Sunday, October 15, 2023

The Black Sea as a crossroads of civilisations

Recently I had the pleasure of reading Russian-American historian Michael Rostovtzeff’s Iranians and Greeks in South Russia. Well… pleasure in a qualified sense. I took my time in reading it, and spent much of the summer struggling through it and processing it.

It is an excellent and lush book, make no mistake. Rostovtzeff provides us with wonderful plates examining all sorts of artistic production and material culture from the northern coast of the Black Sea and the northern Caucasus. But I have much the same complaint about this book that I did about Martha Avery’s The Tea Road… and that is in its lack of reader-friendly organisation. Rostovtzeff’s project is ambitious: an attempt to explore the chthonic roots of Russian civilisation, in the Iranian, Greek, Thracian and Maeotian cultures that preceded it… but in a way that does justice to the particular features of each of these cultures in its own right.
In the end, it seems at times as though he has bitten off more than he can chew. Iranians and Greeks is in roughly equal measure a work of archaeology, art criticism and classical history… with the final chapter moving into the peculiarly-Russian field of historiosophy, an attempt to get at the underlying meaning in a cosmic sense of the historical (and artistic) patterns that he has just explored. But in some cases he comes dangerously close to losing the thread, particularly for non-specialist readers who come to his text in a relative state of ignorance of some of the cultures he examines.

When this book is good, it is incredibly good. Rostovtzeff more than proves his chops as a historian when he discusses the personalities, the geopolitics and the cultural idiosyncracies of the Cimmerian kingdoms, the Scythian empire and the Sarmatian empire which replaced it. And he is equally at his best when he is describing in lavish detail the artistic styles—he places particular emphasis on the ‘animal style’ of the Scythians and the ‘polychrome style’ of the Sarmatians—of the peoples he is concerned with. The plates (how dearly I wish they were colour!) which depict these artworks are deeply appreciated. Rostovtzeff doesn’t need to hammer his point home, clearly, that these civilisations were by no means hampered in their intellectual or imaginative prowess by the limits of their technological abilities! Rostovtzeff says this outright, but we don’t have to take his word for it: even the ‘primitive’ artwork of the early Bronze Age Maeotian culture has a sophistication and a perspective that belies the limits of the tools used to create it!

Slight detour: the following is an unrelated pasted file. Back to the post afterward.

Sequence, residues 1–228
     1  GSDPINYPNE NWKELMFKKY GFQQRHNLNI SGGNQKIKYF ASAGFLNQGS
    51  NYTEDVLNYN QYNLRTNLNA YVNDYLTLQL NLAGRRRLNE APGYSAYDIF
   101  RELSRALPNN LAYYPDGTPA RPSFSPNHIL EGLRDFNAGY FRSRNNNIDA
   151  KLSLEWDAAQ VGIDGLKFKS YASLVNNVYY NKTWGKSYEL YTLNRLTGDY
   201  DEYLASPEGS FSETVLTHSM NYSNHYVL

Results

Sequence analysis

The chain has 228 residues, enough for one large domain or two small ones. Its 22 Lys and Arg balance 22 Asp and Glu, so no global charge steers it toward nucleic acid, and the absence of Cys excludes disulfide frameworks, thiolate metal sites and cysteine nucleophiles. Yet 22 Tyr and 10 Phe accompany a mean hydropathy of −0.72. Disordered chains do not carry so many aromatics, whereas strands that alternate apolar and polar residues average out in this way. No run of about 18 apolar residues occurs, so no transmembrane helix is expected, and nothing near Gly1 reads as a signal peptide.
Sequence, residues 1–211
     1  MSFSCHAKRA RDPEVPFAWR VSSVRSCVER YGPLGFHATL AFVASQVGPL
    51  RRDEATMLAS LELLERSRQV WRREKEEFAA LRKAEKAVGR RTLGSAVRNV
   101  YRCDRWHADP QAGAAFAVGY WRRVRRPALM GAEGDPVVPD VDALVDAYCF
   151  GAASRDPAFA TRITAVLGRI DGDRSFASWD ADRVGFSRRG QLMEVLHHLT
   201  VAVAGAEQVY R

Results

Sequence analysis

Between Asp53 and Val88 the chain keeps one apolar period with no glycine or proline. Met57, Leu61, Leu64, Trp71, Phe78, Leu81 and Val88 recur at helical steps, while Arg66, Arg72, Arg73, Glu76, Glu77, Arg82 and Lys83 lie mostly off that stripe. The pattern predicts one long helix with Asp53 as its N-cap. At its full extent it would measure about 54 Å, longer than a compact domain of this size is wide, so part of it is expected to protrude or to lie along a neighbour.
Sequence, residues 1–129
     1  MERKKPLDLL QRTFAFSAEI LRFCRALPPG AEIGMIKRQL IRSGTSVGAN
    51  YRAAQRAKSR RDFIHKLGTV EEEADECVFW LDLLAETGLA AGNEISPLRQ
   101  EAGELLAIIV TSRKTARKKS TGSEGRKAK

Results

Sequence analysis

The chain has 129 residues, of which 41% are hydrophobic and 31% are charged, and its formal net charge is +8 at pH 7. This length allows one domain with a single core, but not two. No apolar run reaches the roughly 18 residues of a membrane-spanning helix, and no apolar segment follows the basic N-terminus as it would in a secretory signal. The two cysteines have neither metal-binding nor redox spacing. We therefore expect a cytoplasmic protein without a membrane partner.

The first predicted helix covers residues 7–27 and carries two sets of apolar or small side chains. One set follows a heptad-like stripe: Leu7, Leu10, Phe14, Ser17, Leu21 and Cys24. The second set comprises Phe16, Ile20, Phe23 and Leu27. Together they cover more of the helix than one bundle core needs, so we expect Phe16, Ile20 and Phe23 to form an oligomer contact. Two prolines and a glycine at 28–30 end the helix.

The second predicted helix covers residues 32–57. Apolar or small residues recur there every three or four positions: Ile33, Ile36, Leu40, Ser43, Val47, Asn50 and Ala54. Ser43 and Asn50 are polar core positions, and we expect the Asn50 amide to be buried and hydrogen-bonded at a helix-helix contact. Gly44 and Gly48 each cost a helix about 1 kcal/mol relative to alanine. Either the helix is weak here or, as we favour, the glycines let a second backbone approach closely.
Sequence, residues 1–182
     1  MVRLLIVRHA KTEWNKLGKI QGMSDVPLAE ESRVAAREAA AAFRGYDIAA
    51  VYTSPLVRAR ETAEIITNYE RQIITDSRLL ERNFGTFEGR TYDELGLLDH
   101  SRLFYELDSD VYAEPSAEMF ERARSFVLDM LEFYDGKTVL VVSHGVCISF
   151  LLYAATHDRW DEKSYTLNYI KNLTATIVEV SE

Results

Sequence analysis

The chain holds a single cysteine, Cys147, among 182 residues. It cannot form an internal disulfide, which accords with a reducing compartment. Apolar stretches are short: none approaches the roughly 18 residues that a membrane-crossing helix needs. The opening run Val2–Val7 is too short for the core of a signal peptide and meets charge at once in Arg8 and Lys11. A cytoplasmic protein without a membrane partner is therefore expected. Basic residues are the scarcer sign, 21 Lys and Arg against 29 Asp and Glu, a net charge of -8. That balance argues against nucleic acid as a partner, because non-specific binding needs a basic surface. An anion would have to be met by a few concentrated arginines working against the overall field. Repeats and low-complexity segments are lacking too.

Another thing Rostovtzeff says—and this is part of the thesis that got him in trouble with the Soviet leadership—is that the kingdoms of the Russian Black Sea coast were primarily mercantile kingdoms. The wealth of the Greek colonies on the Crimean Peninsula, and the corresponding wealth of the Scythian- and Sarmatian-style burial sites, was built up from trade—both overland and by sea. Even though the Scythians (and the Sarmatians who followed) were often at war with the Greek cities on the coast, it was a sort of low-level raiding type of warfare… not the sort of brutal destruction which these Iranian tribes and the Thracians visited upon each other. The reason for this was because the sedentary maritime Greeks could master the seas in ways which the Iranians could not, and the nomadic-pastoralist Iranians benefitted from the goods that they could trade for with the proceeds of their herding and overland raids.